Happy First Day of Spring! I don’t know about you, but this long, cold winter has me ready for the change of seasons like no year before.
When it’s started to get warmer these past few weeks (which is about 40+ in Minnesota), I’ve pulled out the short-sleeve tees. My coworker, Laine, celebrated a recent warm day with a pair of heels that showed a bit of skin. Our rationale: If it’s true that you dress for the job you want, then maybe the rule transfers to dressing for the weather you want. To be sure, I’ve been adding in more pastels, too. I figure it can only help to pull out all the stops when it comes to ushering out the great Polar Vortex of 2013–14. (Our local paper, the Star Tribune, tallied all the numbers for our state and their design team came up with an “I Survived” snowflake badge for social media.)
Combined with more sunlight in the evening thanks to Daylight Savings, the vernal equinox has shifted my outlook. I’ll admit the cold, dark days got to me, and I often felt like I was walking around in a fog, like Pig Pen with his ever-present dirt cloud in Charlie Brown. But now I’m feeling a bounce in my step, and more optimism as I consider all the beauty in the day-to-day and the possibilities for 2014.
Take this morning discovery, for example: As Kyle and I made our way out the door, we noticed that these tiny plants beneath the pine tree in our front yard had survived the beast of this winter. The yard had mountains of snow piled up, but deep below, the green leaves made it. Perhaps the snow preserved them, as if they were frozen in time. The sight of these perennials made me positively giddy.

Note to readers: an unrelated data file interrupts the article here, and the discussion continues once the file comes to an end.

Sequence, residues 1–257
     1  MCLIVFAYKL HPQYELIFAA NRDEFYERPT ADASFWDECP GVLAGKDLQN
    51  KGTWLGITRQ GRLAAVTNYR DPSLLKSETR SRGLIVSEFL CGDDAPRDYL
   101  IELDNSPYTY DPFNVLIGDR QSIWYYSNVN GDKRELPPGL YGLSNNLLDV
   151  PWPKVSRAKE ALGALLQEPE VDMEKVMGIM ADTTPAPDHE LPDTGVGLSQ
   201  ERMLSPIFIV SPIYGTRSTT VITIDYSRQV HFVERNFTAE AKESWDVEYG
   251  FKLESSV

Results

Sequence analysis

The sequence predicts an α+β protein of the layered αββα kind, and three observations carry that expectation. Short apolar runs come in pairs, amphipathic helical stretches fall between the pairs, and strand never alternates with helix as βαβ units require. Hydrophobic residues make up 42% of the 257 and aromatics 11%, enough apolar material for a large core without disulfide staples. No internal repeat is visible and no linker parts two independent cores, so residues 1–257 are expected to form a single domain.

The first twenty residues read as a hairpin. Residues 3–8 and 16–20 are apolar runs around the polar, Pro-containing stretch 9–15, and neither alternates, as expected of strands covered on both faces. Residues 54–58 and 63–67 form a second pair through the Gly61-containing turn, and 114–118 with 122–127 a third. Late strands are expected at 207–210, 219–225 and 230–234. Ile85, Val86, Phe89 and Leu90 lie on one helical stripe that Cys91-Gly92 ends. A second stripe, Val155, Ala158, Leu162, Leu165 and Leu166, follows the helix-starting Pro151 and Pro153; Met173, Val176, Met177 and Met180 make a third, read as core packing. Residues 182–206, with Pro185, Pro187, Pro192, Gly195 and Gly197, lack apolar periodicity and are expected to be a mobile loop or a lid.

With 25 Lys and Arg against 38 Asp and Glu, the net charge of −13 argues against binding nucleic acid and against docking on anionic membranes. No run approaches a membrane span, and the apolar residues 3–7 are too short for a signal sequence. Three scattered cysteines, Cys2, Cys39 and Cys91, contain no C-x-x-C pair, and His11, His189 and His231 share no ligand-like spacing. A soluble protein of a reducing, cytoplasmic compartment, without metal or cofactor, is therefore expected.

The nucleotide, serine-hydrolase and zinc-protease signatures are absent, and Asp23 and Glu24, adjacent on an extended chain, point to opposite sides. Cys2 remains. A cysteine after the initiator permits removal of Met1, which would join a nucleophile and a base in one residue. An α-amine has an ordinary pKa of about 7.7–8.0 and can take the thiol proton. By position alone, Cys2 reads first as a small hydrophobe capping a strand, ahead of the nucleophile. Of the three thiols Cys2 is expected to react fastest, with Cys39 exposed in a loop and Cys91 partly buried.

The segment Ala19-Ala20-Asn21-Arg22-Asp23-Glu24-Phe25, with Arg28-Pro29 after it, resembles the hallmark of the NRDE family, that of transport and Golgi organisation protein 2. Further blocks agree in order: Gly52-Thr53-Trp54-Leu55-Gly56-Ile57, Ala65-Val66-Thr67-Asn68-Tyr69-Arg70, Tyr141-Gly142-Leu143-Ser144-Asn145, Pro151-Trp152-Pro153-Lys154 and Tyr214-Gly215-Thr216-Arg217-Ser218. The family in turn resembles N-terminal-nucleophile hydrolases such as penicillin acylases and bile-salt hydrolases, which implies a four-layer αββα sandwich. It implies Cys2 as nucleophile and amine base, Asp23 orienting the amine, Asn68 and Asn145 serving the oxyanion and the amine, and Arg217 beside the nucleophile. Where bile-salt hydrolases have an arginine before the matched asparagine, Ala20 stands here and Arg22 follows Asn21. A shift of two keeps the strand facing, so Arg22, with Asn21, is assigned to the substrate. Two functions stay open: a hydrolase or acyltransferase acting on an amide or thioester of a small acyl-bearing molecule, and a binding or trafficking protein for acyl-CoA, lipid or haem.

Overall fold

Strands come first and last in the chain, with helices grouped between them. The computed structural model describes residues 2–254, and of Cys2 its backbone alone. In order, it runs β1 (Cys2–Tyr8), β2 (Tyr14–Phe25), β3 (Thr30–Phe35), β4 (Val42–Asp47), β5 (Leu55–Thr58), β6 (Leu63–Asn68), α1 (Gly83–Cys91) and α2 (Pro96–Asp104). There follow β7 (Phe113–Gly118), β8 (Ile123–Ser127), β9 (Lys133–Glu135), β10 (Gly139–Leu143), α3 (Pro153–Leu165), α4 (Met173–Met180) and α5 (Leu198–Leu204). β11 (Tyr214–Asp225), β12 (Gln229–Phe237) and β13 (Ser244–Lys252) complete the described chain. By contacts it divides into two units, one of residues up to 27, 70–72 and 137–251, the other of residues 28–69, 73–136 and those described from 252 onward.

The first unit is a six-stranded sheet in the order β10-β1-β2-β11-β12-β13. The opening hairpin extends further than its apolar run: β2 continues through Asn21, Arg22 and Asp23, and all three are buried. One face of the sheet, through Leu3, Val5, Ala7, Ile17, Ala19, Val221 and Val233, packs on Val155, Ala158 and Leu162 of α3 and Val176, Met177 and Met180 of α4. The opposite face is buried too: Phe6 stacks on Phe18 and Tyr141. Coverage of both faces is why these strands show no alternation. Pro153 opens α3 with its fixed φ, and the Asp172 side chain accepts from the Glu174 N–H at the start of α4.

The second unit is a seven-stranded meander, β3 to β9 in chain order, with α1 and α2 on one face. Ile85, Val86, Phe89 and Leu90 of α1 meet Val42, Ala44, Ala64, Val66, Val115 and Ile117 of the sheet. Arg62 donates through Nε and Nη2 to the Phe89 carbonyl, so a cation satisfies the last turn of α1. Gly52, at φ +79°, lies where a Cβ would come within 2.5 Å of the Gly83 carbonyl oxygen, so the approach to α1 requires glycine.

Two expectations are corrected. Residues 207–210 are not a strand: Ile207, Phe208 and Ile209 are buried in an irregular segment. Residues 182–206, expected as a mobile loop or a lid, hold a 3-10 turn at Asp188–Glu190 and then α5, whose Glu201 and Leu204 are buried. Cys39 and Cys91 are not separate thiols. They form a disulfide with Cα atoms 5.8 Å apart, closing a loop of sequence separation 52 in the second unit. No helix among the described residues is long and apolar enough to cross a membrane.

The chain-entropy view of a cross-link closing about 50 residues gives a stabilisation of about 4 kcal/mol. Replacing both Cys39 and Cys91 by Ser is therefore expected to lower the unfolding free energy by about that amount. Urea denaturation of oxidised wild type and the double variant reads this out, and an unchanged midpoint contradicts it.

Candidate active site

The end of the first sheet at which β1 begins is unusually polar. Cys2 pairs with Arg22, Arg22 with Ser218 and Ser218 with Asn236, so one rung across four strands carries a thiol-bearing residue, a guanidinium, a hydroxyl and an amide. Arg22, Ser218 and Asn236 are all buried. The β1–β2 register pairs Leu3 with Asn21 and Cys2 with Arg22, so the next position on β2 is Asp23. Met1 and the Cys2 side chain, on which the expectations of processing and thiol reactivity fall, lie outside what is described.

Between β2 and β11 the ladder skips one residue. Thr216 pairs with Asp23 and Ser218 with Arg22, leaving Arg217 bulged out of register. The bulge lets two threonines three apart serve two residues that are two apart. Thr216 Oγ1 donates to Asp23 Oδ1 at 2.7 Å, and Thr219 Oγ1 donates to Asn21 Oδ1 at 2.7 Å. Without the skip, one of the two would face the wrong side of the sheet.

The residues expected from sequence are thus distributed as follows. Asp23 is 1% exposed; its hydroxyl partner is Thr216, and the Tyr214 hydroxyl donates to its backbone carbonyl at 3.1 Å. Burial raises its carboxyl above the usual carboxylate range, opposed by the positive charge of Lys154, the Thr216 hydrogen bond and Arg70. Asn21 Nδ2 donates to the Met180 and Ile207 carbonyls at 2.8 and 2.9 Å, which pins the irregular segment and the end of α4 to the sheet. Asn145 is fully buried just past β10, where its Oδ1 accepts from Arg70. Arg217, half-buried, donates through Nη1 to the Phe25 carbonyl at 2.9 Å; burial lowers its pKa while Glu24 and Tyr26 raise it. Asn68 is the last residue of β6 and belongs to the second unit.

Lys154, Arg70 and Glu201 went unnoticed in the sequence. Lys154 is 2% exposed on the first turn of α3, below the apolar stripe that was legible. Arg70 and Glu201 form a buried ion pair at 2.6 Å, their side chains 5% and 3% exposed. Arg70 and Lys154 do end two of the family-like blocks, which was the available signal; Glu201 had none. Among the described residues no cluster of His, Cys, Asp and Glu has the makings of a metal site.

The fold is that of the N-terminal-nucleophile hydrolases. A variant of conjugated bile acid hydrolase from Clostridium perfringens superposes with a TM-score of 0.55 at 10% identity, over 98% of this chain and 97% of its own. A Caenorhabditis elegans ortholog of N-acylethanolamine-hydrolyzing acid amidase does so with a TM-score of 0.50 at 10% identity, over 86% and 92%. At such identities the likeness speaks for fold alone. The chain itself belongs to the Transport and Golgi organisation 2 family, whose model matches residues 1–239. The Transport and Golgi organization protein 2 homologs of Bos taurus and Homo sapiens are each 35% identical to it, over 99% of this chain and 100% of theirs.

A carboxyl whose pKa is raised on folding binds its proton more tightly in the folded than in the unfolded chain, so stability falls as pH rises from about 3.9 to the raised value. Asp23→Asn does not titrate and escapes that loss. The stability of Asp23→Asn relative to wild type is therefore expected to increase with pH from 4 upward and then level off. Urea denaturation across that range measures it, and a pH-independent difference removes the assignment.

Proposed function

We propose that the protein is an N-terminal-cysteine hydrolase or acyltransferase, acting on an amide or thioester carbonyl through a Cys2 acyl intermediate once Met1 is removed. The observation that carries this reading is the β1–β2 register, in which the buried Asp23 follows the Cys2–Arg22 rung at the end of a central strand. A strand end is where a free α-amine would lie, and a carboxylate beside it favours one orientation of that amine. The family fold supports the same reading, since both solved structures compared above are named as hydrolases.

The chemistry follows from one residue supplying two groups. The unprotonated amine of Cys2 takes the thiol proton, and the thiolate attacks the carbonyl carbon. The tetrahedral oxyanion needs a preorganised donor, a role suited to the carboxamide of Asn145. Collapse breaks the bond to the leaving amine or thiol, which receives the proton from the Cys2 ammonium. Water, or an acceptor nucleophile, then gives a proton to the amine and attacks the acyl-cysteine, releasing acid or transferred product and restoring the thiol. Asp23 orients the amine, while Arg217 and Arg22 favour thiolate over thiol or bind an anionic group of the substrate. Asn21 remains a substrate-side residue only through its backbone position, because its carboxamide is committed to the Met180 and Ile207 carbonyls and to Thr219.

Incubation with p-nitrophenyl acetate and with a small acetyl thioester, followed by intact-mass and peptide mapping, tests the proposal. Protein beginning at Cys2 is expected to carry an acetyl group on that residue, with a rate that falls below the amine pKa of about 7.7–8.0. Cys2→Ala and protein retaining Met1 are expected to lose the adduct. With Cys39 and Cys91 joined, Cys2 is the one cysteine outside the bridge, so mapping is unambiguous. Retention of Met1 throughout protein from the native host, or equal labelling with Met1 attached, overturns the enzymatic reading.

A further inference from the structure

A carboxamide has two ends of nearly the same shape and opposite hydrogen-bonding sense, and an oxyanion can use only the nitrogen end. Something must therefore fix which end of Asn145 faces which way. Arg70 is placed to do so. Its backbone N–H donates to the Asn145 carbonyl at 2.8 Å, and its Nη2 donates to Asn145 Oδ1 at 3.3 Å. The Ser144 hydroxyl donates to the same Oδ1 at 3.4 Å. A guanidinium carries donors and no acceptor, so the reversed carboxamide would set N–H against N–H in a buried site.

The snow will melt, the seasons will change, and like these little plants, we are born anew.
Vernal equinox fun fact: Although the name implies that the length of day is exactly equal to the length of night on today’s vernal equinox, that is, in fact, incorrect. The equality of light usually happens before the vernal equinox, according to Geoff Chester, a public affairs specialist with the U.S. Naval Observatory in Washington, D.C. The definition of “vernal equinox” stems from when the center of the sun passes over the Equator. Read more in this piece from National Geographic.